Overview

In September 2021, Avertium published a threat intelligence report featuring ransomware gang, LockBit 2.0, which is a variant of the original LockBit ransomware gang. LockBit 2.0 uses ransomware-as-a-service (RaaS) and has been active in Russian-language cybercrime forums since September 2021.  

In their previous attacks, LockBit 2.0 relied on tools such as Windows PowerShell and Server Message Block (SMB) to attack organizations – scanning networks to infect compromised devices. Also, the threat actor used tools that were built-in to Windows systems - sometimes called Living off the Land Binaries, or LoLBins. They also used the double extortion model, which involves locating and exfiltrating sensitive and confidential information before a system is encrypted – ensuring that the stolen data gives victims an incentive to pay the requested ransom. 

On Friday, February 4, 2022, the FBI released technical details and new indicators of compromise associated with LockBit 2.0. The threat actors successfully breach enterprise networks by compromising them through unpatched vulnerabilities, zero-day exploits, and insider access. They are also known to purchase access to networks from “access brokers”. 

Once inside the networks, LockBit 2.0 uses publicly available penetration-testing tools (Mimikatz) for privilege escalation. They have been using a combination of custom and off-the shelf tools to exfiltrate data, before using the LockBit ransomware to encrypt files. In January 2022, LockBit 2.0 began targeting VMware ESXi servers by adding a Linux encryptor to their toolkit.  

Before encryption, Lockbit 2.0 affiliates use Stealbit (obtained from the LockBit panel) to exfiltrate specific file types. This allows the attackers to configure the desired file types that will be copied to an attacker-controlled server over HTTP. Additionally, LockBit 2.0 deletes shadow copies and log files, harvests system information and encrypts all data on local and remote drives. It skips files used for core system functions and deletes itself from the disk - creating persistence at startup. So far, LockBit 2.0 has claimed to have successfully attack PayBito. They stole the data of about 100,000 customers and have threatened to publish the data online if their ransom isn’t paid by February 21, 2022.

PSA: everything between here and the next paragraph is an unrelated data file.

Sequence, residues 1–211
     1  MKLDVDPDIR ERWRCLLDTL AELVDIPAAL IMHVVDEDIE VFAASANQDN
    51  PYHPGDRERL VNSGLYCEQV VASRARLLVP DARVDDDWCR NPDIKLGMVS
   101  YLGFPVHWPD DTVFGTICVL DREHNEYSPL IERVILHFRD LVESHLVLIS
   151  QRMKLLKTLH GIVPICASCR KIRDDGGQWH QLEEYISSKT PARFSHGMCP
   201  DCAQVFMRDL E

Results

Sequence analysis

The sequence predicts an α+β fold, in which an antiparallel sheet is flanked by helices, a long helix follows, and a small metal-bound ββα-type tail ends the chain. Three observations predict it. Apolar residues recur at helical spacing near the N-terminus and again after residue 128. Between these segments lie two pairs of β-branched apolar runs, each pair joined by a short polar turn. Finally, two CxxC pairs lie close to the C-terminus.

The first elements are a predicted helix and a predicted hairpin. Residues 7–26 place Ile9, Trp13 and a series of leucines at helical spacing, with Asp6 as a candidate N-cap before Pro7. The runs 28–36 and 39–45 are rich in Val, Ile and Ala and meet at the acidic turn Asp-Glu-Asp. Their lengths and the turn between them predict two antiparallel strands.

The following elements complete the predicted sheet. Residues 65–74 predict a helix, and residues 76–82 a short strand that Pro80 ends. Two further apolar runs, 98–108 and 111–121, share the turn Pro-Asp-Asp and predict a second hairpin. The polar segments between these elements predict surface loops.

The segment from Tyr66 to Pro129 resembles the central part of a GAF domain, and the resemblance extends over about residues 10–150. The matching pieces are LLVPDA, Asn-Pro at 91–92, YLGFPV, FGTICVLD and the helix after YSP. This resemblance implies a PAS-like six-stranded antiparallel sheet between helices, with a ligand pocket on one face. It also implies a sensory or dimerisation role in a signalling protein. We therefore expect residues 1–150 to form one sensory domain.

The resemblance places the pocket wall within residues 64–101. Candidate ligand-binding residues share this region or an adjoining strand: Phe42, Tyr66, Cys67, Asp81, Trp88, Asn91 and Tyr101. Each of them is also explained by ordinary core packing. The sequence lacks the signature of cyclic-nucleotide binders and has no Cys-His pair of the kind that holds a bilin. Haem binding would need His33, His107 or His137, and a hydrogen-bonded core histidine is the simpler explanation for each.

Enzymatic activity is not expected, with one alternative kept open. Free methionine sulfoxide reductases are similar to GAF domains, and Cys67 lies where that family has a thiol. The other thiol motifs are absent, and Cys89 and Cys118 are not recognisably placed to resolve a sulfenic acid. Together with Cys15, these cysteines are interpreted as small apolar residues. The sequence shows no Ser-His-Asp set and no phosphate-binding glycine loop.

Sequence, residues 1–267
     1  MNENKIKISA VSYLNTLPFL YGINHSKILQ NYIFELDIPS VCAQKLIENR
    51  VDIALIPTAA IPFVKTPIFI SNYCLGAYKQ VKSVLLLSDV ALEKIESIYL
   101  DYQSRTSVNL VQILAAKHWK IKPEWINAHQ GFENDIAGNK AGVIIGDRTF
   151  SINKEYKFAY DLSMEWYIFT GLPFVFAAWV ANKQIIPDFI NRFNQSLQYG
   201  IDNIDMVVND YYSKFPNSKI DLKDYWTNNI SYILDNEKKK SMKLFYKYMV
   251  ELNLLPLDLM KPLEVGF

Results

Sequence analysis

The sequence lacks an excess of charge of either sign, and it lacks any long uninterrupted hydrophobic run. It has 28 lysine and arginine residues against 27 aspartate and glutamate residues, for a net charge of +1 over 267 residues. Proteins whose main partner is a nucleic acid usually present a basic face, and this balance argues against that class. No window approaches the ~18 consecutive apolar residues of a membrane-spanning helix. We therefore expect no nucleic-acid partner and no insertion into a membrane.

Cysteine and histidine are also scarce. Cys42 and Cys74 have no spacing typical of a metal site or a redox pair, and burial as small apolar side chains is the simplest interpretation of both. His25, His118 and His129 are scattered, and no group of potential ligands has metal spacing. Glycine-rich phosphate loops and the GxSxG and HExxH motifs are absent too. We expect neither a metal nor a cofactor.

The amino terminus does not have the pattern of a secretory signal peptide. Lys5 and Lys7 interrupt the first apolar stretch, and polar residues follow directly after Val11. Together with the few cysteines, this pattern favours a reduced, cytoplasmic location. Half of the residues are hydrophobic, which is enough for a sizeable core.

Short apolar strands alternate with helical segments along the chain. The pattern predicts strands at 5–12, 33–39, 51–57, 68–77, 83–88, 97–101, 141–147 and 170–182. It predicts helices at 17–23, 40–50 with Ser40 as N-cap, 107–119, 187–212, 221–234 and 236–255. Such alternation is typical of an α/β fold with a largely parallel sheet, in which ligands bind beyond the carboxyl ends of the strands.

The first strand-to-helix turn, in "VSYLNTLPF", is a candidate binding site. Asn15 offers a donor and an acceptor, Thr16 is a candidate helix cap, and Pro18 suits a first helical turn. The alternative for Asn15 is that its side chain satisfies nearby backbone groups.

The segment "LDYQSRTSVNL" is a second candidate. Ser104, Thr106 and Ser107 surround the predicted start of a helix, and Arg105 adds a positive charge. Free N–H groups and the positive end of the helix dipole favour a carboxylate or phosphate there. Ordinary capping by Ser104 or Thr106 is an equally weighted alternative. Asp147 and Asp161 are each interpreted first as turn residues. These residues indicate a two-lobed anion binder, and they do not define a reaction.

Related Resource: A Comprehensive Guide to Ransomware

 


How Avertium is Protecting Our Customers:

  • Implement XDR as a prevention method. Our XDR is a combination of monitoring software like LogRhythm, Microsoft Sentinel, or AlienVault, combined with endpoint protection such as SentinelOne. XDR platforms enable cybersecurity through a technology focus by collecting, correlating, and analyzing event data from any source on the network. This includes endpoints, applications, network devices, and user interactions. 
  • Include a Zero Trust Architecture, like AppGate, to stop malware lateral movement. 
  • MDR provides an in-depth investigation into potential threats on an organization’s network. Avertium’s risk-based approach to managed security delivers the right combination of technology, field-validated threat intelligence, and resource empowerment to reduce complexity, streamline operations, and enhance cybersecurity resilience. If you need a more advanced security solution, MDR is the next step. MDR is an outsourced security control solution that includes the elements of EDR, enhanced with a range of fundamental security processes. 


Avertium's recommendations

  • It’s likely that LockBit 2.0 monitors the latest CVEs. Monitor exposed endpoints and application of CVE-addressing patches. 
  • Disrupt network movements/investigation by way of creating separated segments of network, clear access hierarchy, and additional security for active directory, domain admin, and local domains – thus complicating LockBit 2.0’s operations. 
  • Enable MFA for webmail  
  • Use strong and unique passwords 
  • Monitor infrastructural endpoints for public-facing applications. LockBit 2.0 prefers Corporate VPN (particularly Citrix/FortiNET) LockBit 2.0 is known for actively exploiting public-facing applications. 
  • Use a host-based firewall  
  • Enable “protected files” in Windows (refer to Microsoft’s controlled folder access) 
  • Segment your networks  
  • Maintain offline backups of data 


 

INDICATOR'S OF COMPROMISE (IOCS):

You can find more IoCs related to LockBit 2.0, here 

  • 185.215.113.39 
  • 139.60.160.200 
  • 93.190.143.101 
  • 168.100.11.72 
  • 174.138.62.35 
  • 185.182.193.120 
  • 193.162.143.218 
  • 193.38.235.234 
  • 45.227.255.190 
  • 88.80.147.102 
  • 93.190.139.223 
  • http://185.182.193[.120]/06599379103BD9028AB56AE0EBED457D0 
  • privatlab[.net] 

 

 

references

FBI Publishes IOCs for LockBit 2.0 Ransomware Attacks | SecurityWeek.Com 

LockBit 2.0 Indicators - AlienVault - Open Threat Exchange 

FBI: Watch out for LockBit 2.0 ransomware, here's how to reduce the risk to your network | ZDNet 

Microsoft Word - LockBit_2.0_FLASH FINAL (ic3.gov) 

 

Related Reading:

Understanding Cybersecurity Best Practices

 

Contact us for more information about Avertium’s managed security service capabilities.